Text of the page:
Ministry of Information (Egypt)

The Ministry of Information (Arabic: وزارة الإعلام) was the ministry in charge of state-owned media and press in Egypt, and for regulating the practices through affiliate agencies between 1971 until its latest dissolution in 2021.

Arab Republic of Egypt
Ministry of Information
وزارة الاعلام
Agency overview
Preceding agency
Superseding agency
  • National Media Authority
JurisdictionGovernment of Egypt
Agency executive
  • Minister of Information

History and profile edit

During president Anwar Sadat's 11 year tenure, the ministry was renamed and restructured a number of times. In the first cabinet in October 1970 the Ministry of Culture and National Guidance was split into one for culture, and another for national guidance with Mohamed Fayek appointed as minister[1] Within a month the Ministry of National Guidance was renamed as the Ministry of Information with the same minister.[2] After a further few months, in May 1971, the Mohamed Abdelqader Hatem was named Deputy Prime Minister and Minister of Information.[3]

In 1978 after signing a peace treaty with Israel, Sadat restructured the government and dissolved the ministry with his new prime minister Mostafa Khalil saying that "state supervision of the information media has come to an end."[4] This would not last long, and In 1979 it was again bundled as the Ministry of Culture and Information (during Mansour Hassan's tenure).

Under president Hosni Mubarak, the Ministry of Information was reestablished in 1982 after being spun off from the Ministry of Culture and Information.[5] In 1986 Mubarak officially set out its mandate bringing the Egyptian Radio and Television Union and the State Information Service under its supervision.[6] The ministry would remain intact with only two ministers taking the post during Mubarak's 30-year rule.

The Ministry of Information was dissolved in February 2011[7][8] when the new cabinet was created under Prime Minister Essam Sharaf in the wake of the Egyptian Revolution and the purge of Hosni Mubarak's regime.[9]

However, it was reestablished a few months later in July 2011 and Osama Heikal was appointed as minister[8]

The ministry was dissolved for a third time in 2021 after the resignation of Osama Heikal,[10] and was not reestablished in the following cabinet reshuffle in 2022. The National Media Authority has taken up most of its duties overseeing state-owned media.[11]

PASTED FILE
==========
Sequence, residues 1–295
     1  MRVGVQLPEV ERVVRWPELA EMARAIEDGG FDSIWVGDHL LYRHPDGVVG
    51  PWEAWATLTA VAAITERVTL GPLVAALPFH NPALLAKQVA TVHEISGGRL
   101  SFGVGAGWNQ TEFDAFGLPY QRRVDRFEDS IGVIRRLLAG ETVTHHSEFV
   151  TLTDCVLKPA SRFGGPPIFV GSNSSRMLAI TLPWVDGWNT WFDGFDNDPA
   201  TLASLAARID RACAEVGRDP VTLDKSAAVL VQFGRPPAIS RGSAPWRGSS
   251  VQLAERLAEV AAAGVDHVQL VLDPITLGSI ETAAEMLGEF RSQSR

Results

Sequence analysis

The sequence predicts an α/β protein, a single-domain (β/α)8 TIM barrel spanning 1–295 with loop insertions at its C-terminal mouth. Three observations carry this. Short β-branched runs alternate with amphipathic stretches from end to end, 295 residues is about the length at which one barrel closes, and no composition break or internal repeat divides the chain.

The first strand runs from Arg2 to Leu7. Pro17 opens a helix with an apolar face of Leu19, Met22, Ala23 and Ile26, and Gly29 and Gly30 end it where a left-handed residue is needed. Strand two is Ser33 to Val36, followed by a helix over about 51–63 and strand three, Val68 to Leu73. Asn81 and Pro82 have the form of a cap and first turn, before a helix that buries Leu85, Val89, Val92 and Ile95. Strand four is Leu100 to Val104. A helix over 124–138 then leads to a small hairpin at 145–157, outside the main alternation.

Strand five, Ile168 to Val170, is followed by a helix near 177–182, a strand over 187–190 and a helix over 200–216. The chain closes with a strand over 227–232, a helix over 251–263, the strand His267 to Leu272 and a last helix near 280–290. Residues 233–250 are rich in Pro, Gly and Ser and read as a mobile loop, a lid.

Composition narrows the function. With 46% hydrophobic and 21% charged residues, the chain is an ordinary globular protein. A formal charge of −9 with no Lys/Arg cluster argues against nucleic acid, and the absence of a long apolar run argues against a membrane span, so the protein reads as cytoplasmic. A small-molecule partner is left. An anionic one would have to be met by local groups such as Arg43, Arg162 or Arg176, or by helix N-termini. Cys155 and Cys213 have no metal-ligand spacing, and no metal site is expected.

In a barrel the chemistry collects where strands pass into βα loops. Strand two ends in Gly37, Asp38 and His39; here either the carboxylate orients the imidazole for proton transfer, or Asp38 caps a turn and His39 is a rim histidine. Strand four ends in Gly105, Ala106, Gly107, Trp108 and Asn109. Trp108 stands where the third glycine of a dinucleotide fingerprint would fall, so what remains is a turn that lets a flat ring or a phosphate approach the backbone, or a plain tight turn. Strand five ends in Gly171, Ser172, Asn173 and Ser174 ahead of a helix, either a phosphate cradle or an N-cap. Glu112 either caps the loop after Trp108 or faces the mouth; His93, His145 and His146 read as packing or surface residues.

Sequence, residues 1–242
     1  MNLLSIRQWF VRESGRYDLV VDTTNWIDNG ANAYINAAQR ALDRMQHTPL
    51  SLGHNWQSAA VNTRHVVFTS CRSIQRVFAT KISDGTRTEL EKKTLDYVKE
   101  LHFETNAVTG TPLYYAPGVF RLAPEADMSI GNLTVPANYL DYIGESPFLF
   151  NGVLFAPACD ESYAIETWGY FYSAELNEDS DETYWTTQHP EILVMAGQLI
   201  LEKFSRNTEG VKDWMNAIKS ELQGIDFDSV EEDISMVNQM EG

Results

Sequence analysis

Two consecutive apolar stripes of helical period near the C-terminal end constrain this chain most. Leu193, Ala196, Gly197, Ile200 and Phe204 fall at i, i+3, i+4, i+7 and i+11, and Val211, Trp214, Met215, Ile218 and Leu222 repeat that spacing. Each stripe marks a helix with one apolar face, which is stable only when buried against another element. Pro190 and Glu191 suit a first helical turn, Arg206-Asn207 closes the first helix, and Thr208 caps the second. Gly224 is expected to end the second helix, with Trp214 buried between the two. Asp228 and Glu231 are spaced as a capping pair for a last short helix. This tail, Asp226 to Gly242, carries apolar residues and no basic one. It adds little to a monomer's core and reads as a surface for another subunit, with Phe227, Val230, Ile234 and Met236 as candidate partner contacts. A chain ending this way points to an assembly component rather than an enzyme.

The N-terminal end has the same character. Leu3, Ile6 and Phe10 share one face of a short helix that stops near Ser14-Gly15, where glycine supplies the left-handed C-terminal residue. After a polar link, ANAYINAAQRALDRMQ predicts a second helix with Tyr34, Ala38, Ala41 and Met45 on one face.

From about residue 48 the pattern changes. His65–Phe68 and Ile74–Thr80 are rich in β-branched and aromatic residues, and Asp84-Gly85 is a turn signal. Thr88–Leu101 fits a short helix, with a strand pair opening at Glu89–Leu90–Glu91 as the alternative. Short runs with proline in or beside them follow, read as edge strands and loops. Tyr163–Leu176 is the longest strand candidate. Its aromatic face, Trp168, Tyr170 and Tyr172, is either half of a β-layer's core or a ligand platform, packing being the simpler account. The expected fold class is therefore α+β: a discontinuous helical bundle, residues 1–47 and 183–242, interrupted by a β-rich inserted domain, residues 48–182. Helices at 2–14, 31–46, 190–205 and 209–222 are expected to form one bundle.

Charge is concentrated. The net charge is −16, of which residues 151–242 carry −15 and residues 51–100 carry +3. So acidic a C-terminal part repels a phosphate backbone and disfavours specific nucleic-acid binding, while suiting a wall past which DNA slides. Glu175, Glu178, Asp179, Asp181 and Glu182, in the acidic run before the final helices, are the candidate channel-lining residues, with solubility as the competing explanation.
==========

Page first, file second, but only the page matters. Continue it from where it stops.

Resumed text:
List of Egyptian Ministers of Information (incomplete) edit

President Anwar Sadat (1970 — 1981)

President Hosni Mubarak (1981 — 2011)

Supreme Council of the Armed Forces (2011 — 2012)

  • Osama Heikal (2011–2012)[8]

President Mohamed Morsi (2012 — 2013)

Interim President Adly Mansour

  • Dorreya Sharaf El-Din (July 2013–June 2014)[7]

President Abdelfattah al-Sisi (2014 — )

  • Osama Heikal (2020–2022, ministry dissolved)[10]

Affiliated agencies edit

See also edit

References edit

  1. ^ "Presidential Decree 1685/1970". The Official Gazette. 1970.
  2. ^ "Presidential Decree 1880/1970". The Official Gazette. 1970.
  3. ^ "Presidential Decree 780/1971". The Official Gazette. 1971.
  4. ^ Lippman, Thomas W. (1978-10-06). "Sadat Installs New Government to Lead a Peaceful Egypt". Washington Post. ISSN 0190-8286. Retrieved 2023-03-05.
  5. ^ Toby Mendel (August 2011). "Political and Media Transitions in Egypt" (PDF). Internews. Retrieved 24 October 2014.
  6. ^ "Presidential Decree 310/1986". The Official Gazette. 1986.
  7. ^ a b "BREAKING: New government swears in". Cairo Post. 17 June 2014. Retrieved 21 June 2014.
  8. ^ a b c "Egypt's reinstatement of Information Ministry is a setback". Committee to Protect Journalists. New York. 12 July 2011. Retrieved 3 January 2014.
  9. ^ "Egypt's reinstatement of Information Ministry is a setback". Committee to Protect Journalists. 12 July 2011. Retrieved 3 July 2014.
  10. ^ a b "Egypt's information minister Osama Heikal resigns amid parliamentary criticism - Politics - Egypt". Ahram Online. Retrieved 2023-03-04.
  11. ^ "National Media Authority". Media Ownership Monitor. Retrieved 2023-03-04.
  12. ^ "Presidential Decree 610/1974". The Official Gazette. 1974.
  13. ^ (22 December 2012). Sadat's last minister of information dies, Al-Ahram
  14. ^ Hammond, Andrew. Pop Culture Arab World!: Media, Arts, and Lifestyle, p. 79 (2005)
  15. ^ "Information Minister". 2004. Archived from the original on 2004-08-09. Retrieved 2023-03-10.

External links edit